Why population health needs a new data strategy

‘Non-traditional’ information gain importance in treating the whole patient.

With significant shifts in quality and payment underway in healthcare, population health initiatives that focus on improving health outcomes have become core to the mission of many provider organizations.

Population-level approaches focus on improving the health of a whole population along a broad spectrum of physical, social, cultural, behavioral and environmental constructs. Naturally, this focus has emphasized the role and importance of primary care and community medicine as the frontlines to managing the care needs of specific populations.

With this focus also comes the need for new tools to understand which interventions stand to make the greatest impact for a given population. Unsurprisingly, leveraging the right data is critical.

Most providers—primary care clinicians or otherwise—have traditionally relied on data captured in their electronic health record (EHR) systems to understand their patients and determine effective interventions. Unlike a narrow focus on data traditionally stored in EHRs, providers increasingly incorporate insights from non-EHR environments to augment clinical interventions to optimize longitudinal health, as well as for the overall health of a specific population they are increasingly serving.

Many population-level approaches leverage data around core social determinants of health—such as income, education, housing and social services—that are not captured in EHRs. For example, in certain underserved areas, children with frequent acute asthma exacerbations may also be predisposed to chronic absenteeism in schools. Combining data from education and healthcare will enable us to develop new creative interventions (for example, an asthma counseling initiative as part of an after-school program) to tackle problems that address the whole child.

In short, we are moving in a direction where data sources—and not healthcare-only sources—are converging in such a way that enables us to provide better health services proactively, with the goal to optimize the value of population health.

As another example of this shift, there are more patient-facing mobile applications that enable patients to enter their own health, wellness and other personal data that they may wish to share with their physicians. But these applications are typically not connected to any EHRs. Capturing that data is critical for healthcare providers to better understand the barriers that their patients face.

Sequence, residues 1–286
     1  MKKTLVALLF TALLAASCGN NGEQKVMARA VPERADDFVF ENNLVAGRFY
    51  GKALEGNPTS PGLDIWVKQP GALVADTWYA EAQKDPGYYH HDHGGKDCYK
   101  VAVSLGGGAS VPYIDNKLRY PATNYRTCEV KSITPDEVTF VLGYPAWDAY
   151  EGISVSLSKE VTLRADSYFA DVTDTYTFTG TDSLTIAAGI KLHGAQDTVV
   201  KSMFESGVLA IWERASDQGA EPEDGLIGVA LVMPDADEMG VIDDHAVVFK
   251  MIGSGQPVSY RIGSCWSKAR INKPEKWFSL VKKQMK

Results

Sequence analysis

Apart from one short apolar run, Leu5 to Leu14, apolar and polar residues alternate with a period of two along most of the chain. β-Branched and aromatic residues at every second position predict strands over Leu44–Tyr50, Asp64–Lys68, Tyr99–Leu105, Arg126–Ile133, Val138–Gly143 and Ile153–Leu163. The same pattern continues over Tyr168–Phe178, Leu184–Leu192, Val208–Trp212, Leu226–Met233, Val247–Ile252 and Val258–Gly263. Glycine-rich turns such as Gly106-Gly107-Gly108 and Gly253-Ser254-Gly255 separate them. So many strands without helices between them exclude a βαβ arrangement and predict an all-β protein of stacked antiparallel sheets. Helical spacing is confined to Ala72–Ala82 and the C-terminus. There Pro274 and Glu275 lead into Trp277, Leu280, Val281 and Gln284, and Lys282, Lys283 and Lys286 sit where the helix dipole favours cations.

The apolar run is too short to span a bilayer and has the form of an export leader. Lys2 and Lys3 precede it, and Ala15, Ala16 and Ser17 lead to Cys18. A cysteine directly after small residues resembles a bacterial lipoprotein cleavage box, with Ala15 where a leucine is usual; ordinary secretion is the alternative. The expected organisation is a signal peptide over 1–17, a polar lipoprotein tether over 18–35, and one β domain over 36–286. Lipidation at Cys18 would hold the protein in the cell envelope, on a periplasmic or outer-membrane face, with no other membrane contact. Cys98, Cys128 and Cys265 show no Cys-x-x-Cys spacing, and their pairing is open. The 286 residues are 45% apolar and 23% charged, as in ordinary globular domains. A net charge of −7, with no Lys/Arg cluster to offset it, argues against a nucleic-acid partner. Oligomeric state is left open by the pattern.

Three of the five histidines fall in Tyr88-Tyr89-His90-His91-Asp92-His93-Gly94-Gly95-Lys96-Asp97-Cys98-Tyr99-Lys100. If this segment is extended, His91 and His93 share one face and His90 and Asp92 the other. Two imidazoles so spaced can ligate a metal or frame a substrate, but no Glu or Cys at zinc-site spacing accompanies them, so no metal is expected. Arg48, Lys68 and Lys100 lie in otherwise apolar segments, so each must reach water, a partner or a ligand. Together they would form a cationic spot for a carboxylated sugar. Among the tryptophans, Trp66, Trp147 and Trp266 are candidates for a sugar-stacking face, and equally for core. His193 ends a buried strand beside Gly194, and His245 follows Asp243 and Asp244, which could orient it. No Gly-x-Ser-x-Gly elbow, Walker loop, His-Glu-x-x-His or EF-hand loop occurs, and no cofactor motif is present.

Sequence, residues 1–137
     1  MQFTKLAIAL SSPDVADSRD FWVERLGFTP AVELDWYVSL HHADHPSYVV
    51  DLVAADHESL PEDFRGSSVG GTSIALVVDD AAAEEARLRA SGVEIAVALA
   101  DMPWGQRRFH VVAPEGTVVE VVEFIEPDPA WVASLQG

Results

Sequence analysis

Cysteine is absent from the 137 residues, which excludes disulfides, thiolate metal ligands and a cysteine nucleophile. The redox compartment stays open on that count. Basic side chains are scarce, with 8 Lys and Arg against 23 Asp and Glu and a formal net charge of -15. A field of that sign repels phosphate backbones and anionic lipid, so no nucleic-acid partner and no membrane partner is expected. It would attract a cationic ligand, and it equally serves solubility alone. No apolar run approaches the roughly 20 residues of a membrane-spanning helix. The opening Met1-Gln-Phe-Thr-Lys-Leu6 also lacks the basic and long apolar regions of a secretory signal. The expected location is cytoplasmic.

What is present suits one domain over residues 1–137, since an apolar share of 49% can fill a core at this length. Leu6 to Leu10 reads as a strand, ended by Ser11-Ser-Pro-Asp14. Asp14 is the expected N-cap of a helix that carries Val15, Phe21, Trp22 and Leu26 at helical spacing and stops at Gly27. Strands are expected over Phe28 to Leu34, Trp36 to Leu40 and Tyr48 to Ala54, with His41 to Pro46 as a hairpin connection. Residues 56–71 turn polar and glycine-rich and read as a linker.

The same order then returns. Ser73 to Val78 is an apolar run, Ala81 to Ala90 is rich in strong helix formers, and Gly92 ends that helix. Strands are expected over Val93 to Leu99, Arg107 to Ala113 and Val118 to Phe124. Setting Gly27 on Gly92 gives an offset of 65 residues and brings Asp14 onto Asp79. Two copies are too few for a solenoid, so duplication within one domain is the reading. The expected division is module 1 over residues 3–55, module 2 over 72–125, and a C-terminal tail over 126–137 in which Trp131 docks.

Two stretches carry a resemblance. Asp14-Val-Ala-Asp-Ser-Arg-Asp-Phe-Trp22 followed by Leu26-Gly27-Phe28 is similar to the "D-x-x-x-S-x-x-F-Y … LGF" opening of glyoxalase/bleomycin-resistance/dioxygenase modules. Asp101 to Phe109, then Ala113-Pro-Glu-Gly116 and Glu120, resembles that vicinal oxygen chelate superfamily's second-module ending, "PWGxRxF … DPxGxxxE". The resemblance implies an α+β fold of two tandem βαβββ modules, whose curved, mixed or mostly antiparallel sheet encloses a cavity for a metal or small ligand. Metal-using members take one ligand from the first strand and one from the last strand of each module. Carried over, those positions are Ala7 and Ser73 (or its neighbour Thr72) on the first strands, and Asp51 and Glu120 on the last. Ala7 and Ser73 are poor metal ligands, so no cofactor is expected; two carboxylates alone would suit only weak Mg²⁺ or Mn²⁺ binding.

As an ever-widening array of “non-traditional” data sources receive new importance across the care continuum, providers’ data strategy has begun to shift. Rather than a heavy focus on EHR systems, which do not contain all relevant data for most population health initiatives, providers must increasingly evaluate their entire technology stack against current and future data needs. Three key concerns should guide providers in evaluating their current architectures.

First, effective population health initiatives require significantly greater volumes of data than most legacy architectures are equipped to handle. Providers must ask whether their current architectures exhibit the scalability and flexibility to integrate heavy data volumes on an ongoing basis to adapt to evolving population and care needs.

Second, because many sources of population-level data remain unstructured, providers must evaluate whether legacy architectures can manage these key sources without undue resource expenditures. The architectures of many provider organizations still rely on relational technologies, which struggle to easily integrate and leverage unstructured data.

Finally, this confluence of data must be made readily available in real-time. This last point is critical because it differentiates a “retrospective” reporting system from a “prospective” actionable opportunity that may enable clinical providers to link patients to the appropriate interventions with the ultimate goal of impacting outcomes.

As population-level approaches continue to proliferate in primary care and community medicine, provider organizations must ensure that they have the right data strategy to facilitate improved health outcomes across a population.

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